IT contractors and the future of tech jobs: What you need to know

What does the on-demand jobs market mean for IT staffing and projects?

Signing employment contract

More and more staff are looking to work on interesting projects for diverse companies, rather signing up for the long haul with a single employer.

Image: iStock

The world of work has changed forever: the job for life has been replaced with new forms of employment, many of which rely on flexible terms, short-term contracts, and interim placements.

This new form of working is particularly prevalent in the IT industry, with Harvey Nash and KPMG reporting steady growth in the number of IT leaders using flexible labour for more than half of their technology team.

So what does this change in employment trends mean for CIOs? How can they find skilled staff to develop projects that change business for the better? ZDNet speaks to the experts and receives best practice tips for securing tech talent in the flexible labour market.

1. Make sure that the benefits of innovation spread
Camden Council interim CIO Omid Shiraji recognises that a shift in employment terms is taking place in IT. He refers to the contract-like nature of modern employment as 'Velcro working' as individuals employed under these conditions become attached to companies for the duration of specific projects.

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"This mode of working can be key in IT, where your next generation of employees are not necessarily loyal to a company but are keen to work on interesting projects," says Shiraji. "They come together, deliver their work and then move on -- that's a big challenge for any IT leader looking to recruit good people for their organisation."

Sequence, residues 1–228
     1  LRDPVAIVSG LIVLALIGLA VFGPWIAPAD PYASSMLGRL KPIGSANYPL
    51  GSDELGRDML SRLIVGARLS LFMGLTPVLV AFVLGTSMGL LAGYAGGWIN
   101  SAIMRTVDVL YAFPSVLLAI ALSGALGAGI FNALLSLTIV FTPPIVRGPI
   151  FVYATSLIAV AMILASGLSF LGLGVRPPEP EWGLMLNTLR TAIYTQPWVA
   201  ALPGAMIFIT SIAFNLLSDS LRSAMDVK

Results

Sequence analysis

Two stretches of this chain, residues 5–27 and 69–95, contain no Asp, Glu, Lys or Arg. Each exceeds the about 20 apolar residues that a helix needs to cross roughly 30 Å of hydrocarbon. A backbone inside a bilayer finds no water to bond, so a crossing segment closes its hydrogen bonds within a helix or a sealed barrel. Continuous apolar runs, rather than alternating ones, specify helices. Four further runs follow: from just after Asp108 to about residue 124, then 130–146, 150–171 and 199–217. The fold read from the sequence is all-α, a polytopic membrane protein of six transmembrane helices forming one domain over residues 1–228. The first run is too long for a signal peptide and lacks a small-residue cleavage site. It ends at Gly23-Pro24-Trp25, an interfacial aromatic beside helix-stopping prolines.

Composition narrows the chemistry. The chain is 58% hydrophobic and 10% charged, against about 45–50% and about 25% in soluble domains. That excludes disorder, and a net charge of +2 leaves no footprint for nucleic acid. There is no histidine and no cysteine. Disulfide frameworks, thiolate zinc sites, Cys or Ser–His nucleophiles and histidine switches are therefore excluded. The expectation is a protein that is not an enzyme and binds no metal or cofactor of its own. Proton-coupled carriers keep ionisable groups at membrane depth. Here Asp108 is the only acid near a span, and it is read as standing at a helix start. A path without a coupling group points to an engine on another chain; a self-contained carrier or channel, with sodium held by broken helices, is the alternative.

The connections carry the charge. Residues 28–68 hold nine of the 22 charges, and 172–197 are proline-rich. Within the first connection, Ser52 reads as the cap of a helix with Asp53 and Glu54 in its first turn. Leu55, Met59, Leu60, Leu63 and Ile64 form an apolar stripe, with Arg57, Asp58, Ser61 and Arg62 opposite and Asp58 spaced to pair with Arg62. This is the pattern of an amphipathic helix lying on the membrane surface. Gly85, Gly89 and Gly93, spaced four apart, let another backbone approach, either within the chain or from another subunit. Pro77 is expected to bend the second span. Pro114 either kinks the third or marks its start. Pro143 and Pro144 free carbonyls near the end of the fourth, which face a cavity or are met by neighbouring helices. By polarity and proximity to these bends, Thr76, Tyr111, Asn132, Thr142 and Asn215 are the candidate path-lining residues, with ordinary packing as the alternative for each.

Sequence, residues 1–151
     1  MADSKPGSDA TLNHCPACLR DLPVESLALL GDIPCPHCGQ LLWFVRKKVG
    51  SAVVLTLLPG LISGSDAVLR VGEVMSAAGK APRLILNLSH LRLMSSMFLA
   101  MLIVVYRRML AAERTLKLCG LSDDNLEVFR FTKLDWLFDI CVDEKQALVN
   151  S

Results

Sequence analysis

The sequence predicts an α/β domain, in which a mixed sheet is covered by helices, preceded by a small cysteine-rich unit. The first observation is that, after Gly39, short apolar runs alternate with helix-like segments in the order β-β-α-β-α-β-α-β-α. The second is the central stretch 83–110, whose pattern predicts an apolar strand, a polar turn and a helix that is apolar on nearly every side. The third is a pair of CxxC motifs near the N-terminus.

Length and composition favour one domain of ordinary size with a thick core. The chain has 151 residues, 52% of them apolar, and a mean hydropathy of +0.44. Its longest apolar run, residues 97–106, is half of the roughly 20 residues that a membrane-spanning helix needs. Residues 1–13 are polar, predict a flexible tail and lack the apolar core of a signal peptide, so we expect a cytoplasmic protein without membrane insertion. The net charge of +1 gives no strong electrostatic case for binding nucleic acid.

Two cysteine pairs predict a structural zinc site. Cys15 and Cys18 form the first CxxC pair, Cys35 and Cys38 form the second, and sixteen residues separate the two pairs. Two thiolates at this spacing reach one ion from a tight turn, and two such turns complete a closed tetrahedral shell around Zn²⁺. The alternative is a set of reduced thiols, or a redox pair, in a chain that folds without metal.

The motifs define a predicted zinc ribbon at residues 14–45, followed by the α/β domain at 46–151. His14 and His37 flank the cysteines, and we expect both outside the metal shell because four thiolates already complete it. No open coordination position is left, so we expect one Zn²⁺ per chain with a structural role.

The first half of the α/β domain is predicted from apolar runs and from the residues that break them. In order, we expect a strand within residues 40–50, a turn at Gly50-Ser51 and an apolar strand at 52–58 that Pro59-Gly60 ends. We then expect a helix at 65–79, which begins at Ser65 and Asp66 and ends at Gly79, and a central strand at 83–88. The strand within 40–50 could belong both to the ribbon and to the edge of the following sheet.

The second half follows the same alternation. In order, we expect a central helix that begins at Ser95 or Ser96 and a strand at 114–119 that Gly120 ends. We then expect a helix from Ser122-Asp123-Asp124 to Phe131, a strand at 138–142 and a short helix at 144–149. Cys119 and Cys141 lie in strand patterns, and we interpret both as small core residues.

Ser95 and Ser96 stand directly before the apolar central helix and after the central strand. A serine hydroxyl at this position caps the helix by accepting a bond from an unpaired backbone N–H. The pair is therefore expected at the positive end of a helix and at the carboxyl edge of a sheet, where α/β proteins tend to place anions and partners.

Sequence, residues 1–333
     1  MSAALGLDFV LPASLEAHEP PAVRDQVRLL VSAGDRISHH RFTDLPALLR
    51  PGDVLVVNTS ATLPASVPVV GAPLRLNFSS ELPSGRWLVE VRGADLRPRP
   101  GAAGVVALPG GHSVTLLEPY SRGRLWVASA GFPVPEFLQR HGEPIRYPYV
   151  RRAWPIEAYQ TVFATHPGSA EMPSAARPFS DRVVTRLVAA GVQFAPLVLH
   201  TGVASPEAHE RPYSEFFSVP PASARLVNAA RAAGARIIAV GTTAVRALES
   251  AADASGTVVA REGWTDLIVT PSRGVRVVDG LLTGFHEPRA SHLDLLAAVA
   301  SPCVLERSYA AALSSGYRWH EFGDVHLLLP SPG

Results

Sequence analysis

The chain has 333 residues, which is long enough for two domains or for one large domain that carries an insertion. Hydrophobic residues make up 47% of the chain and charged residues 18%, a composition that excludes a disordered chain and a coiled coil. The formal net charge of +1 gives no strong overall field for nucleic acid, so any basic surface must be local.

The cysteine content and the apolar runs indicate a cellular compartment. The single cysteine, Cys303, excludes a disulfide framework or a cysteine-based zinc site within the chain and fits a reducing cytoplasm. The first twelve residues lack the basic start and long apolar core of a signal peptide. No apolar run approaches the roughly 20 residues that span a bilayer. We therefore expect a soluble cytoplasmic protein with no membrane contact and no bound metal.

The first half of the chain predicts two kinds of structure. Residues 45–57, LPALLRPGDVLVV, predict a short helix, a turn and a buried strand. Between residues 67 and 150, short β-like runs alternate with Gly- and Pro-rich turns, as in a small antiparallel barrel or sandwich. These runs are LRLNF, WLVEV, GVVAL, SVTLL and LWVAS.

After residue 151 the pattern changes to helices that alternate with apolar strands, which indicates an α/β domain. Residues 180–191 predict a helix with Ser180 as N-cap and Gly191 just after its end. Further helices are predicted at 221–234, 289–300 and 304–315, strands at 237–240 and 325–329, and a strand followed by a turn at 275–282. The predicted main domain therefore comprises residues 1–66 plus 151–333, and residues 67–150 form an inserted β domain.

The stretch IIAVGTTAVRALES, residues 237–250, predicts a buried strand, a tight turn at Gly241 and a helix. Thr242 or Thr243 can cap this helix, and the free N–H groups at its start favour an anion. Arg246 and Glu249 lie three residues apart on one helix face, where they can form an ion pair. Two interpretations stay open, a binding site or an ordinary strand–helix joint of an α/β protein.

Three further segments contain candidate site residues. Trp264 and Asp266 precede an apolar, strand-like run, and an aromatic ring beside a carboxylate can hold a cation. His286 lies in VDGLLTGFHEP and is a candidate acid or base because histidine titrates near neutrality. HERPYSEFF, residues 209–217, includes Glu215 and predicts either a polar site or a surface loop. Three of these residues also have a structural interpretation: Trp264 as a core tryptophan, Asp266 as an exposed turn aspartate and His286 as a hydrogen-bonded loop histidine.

One coping strategy, says Shiraji, is for CIOs to ensure their organisation is involved in innovative projects. "Everyone, from the executive team downwards, must understand that innovation has to be a priority. Senior managers will need to invest in projects that might not have strong business cases initially," he says.

Shiraji says the talent drain and the recruitment challenge are high priority items on his agenda. "If it causes pain for my direct reports, it causes issues for me," he says. "There isn't an easy fix. However, I don't think the contractor problem is new and I don't think it's getting worse. The skills shortage will always be a problem until we solve the root cause, which is related to education and training."

2. Build a team around commercial skills, not just technical ones
Andrew Marks, former CIO and now UK and Ireland managing director at Accenture Technology Strategy, is another expert who says the nature of IT skills demand has changed. CIOs used to look to hire infrastructure experts who could test, provision, and maintain IT. Now, CIOs can just pick up the phone or use an app to access more service capacity on demand.

"The burning platform for CIOs is the rate of change in technology," he says. "IT is transforming so quickly that it's very difficult to recruit and retain staff."

Marks says the rate of change is such that CIOs are going to have to start thinking about the smallest number of people they can use to run core IT.